The 10 principals of healthcare

Ten Principles of Health Care Reform

• Government should not be determining what is or must be insured. That should be up to the consumers to decide.

• Government should not interfere in contractual relationships between providers and purchasers of insurance, whether individuals or businesses.

• Prices for medical services need to be completely decontrolled, and the convoluted market-rigging by a conspiracy of providers, insurers, and government welfare bureaucracies must be ended.

• Government should not mandate coverage by employers or privilege employer-provided coverage over individually purchased coverage. Third-party payment should be an option.

• Government should not mandate that insurers accept all comers at the same price; that system makes a mockery of the whole idea of insurance itself.

• Discrimination for “pre-existing conditions” should not be a criminal act but rather a rational consideration for determining premiums.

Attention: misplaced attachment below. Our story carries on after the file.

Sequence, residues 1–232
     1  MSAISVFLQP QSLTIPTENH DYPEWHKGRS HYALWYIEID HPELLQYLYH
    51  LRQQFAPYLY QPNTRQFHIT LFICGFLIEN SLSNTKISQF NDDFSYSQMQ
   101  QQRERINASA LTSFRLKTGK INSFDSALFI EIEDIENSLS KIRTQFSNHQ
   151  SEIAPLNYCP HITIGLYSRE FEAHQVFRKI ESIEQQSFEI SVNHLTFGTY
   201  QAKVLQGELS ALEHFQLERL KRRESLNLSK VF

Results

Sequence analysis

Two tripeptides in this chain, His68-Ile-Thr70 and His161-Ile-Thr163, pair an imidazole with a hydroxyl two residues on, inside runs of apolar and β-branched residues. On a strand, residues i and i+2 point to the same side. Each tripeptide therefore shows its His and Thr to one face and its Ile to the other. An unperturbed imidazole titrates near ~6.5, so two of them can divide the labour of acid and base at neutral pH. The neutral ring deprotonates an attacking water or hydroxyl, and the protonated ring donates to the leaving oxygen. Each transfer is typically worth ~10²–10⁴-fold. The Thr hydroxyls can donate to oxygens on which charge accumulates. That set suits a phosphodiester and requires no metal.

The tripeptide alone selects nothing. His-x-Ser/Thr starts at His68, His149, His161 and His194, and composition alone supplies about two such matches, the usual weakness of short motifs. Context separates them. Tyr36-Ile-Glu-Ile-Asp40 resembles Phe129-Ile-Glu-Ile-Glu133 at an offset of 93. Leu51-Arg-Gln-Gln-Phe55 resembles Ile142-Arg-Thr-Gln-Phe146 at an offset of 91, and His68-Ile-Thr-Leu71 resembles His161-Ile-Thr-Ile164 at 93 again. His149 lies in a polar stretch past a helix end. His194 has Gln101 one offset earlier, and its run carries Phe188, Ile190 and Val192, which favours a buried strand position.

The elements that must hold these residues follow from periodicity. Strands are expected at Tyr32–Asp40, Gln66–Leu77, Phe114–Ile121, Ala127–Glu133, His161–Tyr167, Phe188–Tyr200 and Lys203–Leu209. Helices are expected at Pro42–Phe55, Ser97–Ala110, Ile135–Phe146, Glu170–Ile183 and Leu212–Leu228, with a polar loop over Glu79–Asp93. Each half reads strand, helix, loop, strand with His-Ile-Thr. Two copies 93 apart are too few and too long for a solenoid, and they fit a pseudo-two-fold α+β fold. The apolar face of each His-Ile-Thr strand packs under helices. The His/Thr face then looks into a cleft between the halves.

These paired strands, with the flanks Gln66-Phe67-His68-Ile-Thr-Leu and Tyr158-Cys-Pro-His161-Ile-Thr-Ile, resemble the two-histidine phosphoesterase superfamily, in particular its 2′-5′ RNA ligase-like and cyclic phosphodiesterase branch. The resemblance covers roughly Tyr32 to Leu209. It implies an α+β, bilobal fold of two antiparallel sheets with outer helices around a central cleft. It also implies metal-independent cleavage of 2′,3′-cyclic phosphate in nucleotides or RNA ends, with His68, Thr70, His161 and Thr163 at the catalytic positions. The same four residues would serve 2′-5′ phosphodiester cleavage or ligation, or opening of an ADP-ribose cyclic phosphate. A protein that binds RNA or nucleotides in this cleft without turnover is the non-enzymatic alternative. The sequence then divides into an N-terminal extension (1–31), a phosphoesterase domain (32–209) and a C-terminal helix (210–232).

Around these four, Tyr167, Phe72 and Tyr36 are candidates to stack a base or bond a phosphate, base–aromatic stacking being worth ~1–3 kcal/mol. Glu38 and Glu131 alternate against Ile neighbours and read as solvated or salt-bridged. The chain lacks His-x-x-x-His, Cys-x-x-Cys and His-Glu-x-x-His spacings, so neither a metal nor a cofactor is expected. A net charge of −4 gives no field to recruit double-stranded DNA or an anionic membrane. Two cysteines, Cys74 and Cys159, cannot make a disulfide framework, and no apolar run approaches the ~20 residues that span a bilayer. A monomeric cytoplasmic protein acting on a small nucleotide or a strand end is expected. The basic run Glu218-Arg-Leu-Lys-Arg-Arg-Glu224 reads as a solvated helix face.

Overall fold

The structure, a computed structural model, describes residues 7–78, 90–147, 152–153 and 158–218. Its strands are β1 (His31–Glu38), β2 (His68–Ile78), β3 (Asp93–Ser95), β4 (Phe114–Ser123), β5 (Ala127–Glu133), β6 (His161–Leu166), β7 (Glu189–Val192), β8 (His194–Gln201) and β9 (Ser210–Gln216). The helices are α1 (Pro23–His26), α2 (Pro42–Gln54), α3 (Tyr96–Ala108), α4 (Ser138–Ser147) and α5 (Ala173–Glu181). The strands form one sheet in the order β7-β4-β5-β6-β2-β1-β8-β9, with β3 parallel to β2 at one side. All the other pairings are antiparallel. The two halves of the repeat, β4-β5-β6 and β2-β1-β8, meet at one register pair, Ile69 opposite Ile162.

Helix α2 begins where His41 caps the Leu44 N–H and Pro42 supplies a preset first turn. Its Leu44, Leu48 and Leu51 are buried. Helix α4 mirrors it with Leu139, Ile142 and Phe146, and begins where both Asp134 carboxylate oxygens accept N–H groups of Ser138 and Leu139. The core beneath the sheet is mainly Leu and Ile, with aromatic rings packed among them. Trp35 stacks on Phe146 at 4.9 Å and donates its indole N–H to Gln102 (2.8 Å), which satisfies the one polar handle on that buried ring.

• Government should not restrict who gets to try their hand at providing insurance; entry and exit need to be competitive too.

• Government should never force anyone to pay for a service that he or she does not want. You say coverage is a human right? It’s a human right for a person to refuse coverage.

• If you want to get serious about fixing the system, the byzantine pharmaceutical system has to go. Again, let the consumers decide, and, while we are at it, there should be complete free trade in medicine.

• The 100-year old medical credential monopoly that has so severely restricted entry into the profession should be dismantled. The market is fully capable of assuring quality, and remember too that there is not one definition of quality.